Wednesday, July 26, 2006

Hellmuth: Poker's First 50/10 Player
"I'm the greatest Hold'em player of all time." - Phil Hellmuth

Phil Hellmuth made poker history in 1989, when the 24-year old became the youngest player to win the World Series of Poker main event. He beat out Johnny Chan, who was on his way to winning his third straight WSOP Championship.

Hellmuth dropped out of college at the University of Wisconsin after he realized he could make more money playing poker and moved to Las Vegas. He crushed the local games at school by only playing his "Top 10 Starting Hands." His father, a professor at Wisconsin, was vehemently opposed to his son leaving his academic studies to pursue a career as a professional gambler. The elder Hellmuth eventually warmed up to the idea after his son won the World Series of Poker.

Hellmuth was once quoted as saying, "If luck wasn't a factor, I'd win every time." That makes him an easy target for critics of his overbearing confidence in his own poker acumen. He often draws criticism for the way he berates players who beat him out of pots. Although his behavior has improved over the years, there are moments when he falls into the role of "Poker Brat."

Last year at the 2005 WSOP, I witnessed two Hellmuthian incidents. One was when he kicked his chair across the room after he was busted from a PLO event. And the other was at the featured TV table during the first day of the main event. That's when he uttered one of my favorite Hellmuth lines, "I can dodge bullets, baby!"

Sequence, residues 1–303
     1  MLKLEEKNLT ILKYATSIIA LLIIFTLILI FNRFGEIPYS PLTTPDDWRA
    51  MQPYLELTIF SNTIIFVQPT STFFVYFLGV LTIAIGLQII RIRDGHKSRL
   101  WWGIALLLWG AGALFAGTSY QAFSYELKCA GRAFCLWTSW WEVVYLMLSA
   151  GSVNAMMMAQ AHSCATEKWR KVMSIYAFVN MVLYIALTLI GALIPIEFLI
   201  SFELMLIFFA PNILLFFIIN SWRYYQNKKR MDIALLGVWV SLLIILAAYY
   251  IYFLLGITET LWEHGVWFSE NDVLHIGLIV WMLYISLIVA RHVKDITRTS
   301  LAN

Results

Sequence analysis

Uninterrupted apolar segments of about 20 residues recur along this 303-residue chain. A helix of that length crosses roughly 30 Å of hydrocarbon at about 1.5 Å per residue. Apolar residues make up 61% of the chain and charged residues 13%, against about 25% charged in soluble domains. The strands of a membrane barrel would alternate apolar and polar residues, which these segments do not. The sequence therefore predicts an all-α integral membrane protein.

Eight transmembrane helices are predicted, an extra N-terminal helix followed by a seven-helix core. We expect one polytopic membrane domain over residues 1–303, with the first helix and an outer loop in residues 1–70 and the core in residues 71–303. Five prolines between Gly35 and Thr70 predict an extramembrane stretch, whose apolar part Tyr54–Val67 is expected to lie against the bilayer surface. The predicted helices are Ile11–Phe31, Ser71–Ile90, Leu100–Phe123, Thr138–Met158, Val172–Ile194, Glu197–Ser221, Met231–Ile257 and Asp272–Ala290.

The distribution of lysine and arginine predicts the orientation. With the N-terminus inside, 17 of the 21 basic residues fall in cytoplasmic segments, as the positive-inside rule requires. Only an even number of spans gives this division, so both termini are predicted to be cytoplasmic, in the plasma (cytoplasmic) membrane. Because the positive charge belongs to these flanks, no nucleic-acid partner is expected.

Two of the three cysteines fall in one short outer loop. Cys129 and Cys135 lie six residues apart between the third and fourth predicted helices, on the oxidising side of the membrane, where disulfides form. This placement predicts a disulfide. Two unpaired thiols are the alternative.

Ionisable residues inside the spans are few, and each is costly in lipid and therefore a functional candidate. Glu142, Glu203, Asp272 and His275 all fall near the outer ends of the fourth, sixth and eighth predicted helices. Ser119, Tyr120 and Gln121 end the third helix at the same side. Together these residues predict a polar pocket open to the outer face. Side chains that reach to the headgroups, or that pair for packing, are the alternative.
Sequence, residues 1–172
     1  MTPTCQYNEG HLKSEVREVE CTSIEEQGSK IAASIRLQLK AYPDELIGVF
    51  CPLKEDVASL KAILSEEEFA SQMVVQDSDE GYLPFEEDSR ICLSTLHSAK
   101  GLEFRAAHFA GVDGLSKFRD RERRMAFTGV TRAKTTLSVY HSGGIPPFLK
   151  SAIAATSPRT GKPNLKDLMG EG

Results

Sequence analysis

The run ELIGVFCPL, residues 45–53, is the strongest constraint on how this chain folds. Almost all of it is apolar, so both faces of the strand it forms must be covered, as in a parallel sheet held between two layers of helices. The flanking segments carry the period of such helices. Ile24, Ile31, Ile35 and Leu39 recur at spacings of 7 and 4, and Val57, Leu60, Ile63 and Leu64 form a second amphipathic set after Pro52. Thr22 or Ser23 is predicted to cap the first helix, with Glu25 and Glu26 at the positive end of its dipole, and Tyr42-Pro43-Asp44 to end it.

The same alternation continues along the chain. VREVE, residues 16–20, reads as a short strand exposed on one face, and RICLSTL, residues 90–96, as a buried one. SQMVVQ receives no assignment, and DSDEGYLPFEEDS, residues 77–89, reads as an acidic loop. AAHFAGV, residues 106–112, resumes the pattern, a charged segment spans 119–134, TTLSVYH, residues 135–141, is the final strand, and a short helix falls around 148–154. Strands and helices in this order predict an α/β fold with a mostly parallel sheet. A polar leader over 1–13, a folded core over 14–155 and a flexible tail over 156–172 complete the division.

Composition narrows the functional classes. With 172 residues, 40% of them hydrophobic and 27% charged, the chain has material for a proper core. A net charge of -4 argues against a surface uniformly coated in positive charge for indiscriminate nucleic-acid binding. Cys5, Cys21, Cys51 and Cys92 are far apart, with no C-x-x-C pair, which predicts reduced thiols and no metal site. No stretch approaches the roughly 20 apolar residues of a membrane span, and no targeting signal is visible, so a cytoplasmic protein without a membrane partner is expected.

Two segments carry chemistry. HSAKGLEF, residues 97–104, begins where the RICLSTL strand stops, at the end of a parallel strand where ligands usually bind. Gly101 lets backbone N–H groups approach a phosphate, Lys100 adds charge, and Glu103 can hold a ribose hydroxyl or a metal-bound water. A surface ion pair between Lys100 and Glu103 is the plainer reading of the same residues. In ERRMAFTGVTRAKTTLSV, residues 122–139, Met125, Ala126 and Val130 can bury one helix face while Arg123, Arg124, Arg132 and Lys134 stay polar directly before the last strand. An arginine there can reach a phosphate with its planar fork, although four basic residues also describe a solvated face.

Phil Hellmuth might be tied with Johnny Chan and Doyle Brunson with 10 bracelets each after last night's victory, but Hellmuth is in his own category when he became the first player in the history of the WSOP to win 10 bracelets and cash at least 50 times.

As of today, he has 55 cashes which is also a record. He cahsed six tmes this year, which puts him in second place behind Kiril Gerasimov with 7.

Hellmuth also made an outstanding 36 WSOP final tables in his career. He's cashed every year since 1988 except in 1995. Hellmuth has almost $8 million in career tournament earnings and is 6th all-time on the WSOP money list behind Joe Hachem, Greg Raymer, Steve Dannennman, Johnny Chan, and TJ Cloutier.
Hellmuth's 10 Bracelets:
2006 $1K NL w/ Rebuys $631,863
2003 $3K NL Hold'em $410,860
2003 $2,500 Limit Hold'em $171,400
2001 $2K NL $316,550
1997 $3K Pot Limit Hold'em $204,000
1993 $5K Limit $138,000
1993 $2,500 NL $173,000
1993 $1,500 NL Hold'em $161,400
1992 $5K Limit Hold'em $168,000
1989 $10K NL $755,000
A month ago, I predicted that Hellmuth would win his 10th bracelet and become poker's first 50/10 player. He made me look like a genius but it took Hellmuth three chances to do it. If you count the final table he made last year, Hellmuth had four chances to tie Brunson and Chan.

Here's Hellmuth's WSOP history at a glance.
2006 WSOP:
$1K NL w/ Rebuys 1st $ 631,863
$5K NL Short Handed 44th $ 8,340
$3K Omaha Hi/Lo 6th $ 48,576
$5K NL 2nd $ 423,893
$3K Limit Hold'em 13th $ 10,309
$1,500 NL 67th $ 7,578

2005 WSOP:
$5K PLO 8th $ 70,625
$1,500 PLO 10th $ 5,080
$1,500 Limit Hold'em 42nd $ 4,200
$1,500 NL 24th $ 15,905

2004 WSOP:
$3K Pot Limit Hold'em 7th $ 34,880
$2K Pot Limit Hold'em 6th $ 29,800
$2K Omaha Hi-Lo Split 21st $ 2,580
$2,500 Limit Hold'em 26th $ 3,280
$1,500 Omaha Hi-Lo Split 17th $ 4,120

2003 WSOP:
$10K NL 27th $ 45,000
$3K No Limit Hold'em 1st $ 410,860
$3K Limit Hold'em 6th $ 15,040
$1,500 Limit Omaha 3rd $ 15,800
$2,500 Limit Hold'em 1st $ 171,400
$2K H.O.R.S.E. 12th $ 3,160

2002 WSOP:
$2,500 NL Gold Bracelet Match Play 2nd $ 17,000
$1,500 Limit Omaha 8th $ 3,640

2001 WSOP:
$2K NL 1st $ 316,550
$10K NL 5th $ 303,705
$5K Omaha Hi-Lo 2nd $ 103,785
$1,500 Ace to Five Draw Lowball 15th $ 1,850
$2,500 PLO 15th $ 4,910
$3K Limit Hold'em 6th $ 19,555
$1,500 Seven Card Stud Hi-Lo 9th $ 4,685

2000 WSOP:
$2,500 PLO 4th $ 29,250
$2K Pot Limit Hold'em 6th $ 16,450